- Yandex and four other Russian tech companies are set to be delisted from Nasdaq and NYSE.
- The company’s value has been significantly affected since the invasion of Ukraine, and Yandex’s founder and CEO resigned after being sanctioned by the EU.
- While Yandex and Ozon confirmed that they will appeal the decision, it is unclear what the way forward is for international investors with money in these companies.
Yandex, known as the Google of Russia, and four other Russian tech companies are set to be delisted from stock exchanges Nasdaq and NYSE.
The companies had ceased trading on the exchanges since the invasion of Ukraine and sanctions against firms based in Russia. Many companies in the West and especially in the US also stopped their Russian operations.
Yandex, which is the most prominent of the affected companies, made its Nasdaq debut in 2011 and reached an all-time high in 2021 with its market cap rising to $31 billion.
However, since the invasion of Ukraine, the company’s value has been dealt a severe blow. Its founder and CEO Arkady Volozh quit after he was sanctioned by the EU in June 2022.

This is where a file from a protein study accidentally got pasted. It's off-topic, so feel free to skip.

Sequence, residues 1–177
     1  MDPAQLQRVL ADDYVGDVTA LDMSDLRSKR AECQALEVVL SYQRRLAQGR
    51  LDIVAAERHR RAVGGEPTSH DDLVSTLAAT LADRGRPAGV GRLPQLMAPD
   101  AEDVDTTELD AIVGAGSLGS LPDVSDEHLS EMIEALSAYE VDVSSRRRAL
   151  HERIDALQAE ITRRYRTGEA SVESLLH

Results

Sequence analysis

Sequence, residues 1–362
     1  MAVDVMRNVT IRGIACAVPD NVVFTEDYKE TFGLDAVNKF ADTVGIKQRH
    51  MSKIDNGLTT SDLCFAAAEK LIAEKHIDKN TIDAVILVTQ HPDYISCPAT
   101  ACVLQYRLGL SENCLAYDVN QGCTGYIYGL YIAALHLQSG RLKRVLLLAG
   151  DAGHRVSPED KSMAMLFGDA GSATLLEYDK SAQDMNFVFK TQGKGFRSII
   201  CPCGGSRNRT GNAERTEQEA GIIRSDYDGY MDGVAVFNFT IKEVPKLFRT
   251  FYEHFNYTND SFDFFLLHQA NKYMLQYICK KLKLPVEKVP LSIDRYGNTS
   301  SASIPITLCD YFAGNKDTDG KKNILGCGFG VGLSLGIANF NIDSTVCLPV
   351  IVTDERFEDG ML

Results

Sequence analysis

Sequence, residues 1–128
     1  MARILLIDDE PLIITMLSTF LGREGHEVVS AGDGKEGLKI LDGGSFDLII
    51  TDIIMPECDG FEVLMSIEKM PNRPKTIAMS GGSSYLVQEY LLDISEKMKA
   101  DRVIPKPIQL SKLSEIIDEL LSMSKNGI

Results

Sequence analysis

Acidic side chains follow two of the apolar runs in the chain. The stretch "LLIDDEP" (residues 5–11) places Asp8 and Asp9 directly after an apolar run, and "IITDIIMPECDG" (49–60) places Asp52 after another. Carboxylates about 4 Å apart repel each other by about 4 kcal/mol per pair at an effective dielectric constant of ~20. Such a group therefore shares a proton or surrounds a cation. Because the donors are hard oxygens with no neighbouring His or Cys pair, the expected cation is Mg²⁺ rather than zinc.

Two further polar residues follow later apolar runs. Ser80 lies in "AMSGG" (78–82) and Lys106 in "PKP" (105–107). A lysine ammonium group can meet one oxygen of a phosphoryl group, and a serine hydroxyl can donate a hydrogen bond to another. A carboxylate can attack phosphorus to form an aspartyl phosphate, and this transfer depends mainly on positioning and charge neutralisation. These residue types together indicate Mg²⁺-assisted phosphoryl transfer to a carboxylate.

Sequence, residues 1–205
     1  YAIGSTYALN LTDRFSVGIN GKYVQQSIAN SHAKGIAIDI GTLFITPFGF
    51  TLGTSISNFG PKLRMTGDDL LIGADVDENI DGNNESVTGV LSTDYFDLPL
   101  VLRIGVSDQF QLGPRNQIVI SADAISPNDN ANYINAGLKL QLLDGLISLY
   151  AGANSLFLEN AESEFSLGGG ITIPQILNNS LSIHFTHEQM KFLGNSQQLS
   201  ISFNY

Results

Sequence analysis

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To stay afloat, Yandex sold its news service to a Russian-controlled company and attempted to reinvent itself through its international divisions, making moves in the self-driving vehicle and cloud computing space.
The other companies to be delisted are online recruitment platform HeadHunter, e-commerce company Ozon, payment service provider Qiwi, and online real estate marketplace CIAN Group.
TechCrunch reports that Nasdaq contacted Yandex, HeadHunter, Ozon, and Qiwi that they would be delisted on March 24 while NYSE also notified CIAN Group, although it did not give a date.
While conditions to be delisted from Nasdaq range from bankruptcy or financial distress to violation of securities laws, these companies may have been flagged because of the clause that says:
“…based on any event, condition, or circumstance that exists or occurs that makes initial or continued listing of the securities inadvisable or unwarranted in its opinion, even though the securities meet all enumerated criteria for initial or continued listing on Nasdaq.”
Yandex and Ozon confirmed that they will be filing an appeal, which is within their right as they can request a hearing from a Nasdaq advisory committee.
It is not yet clear what the way forward is for the international investors with their money in these companies. With trading suspended since over a year, it would have been difficult for investors to sell their shares without resorting to over-the-counter markets or other exchanges. From price volatility to fraud, trading shares without a regulatory body is too risky.
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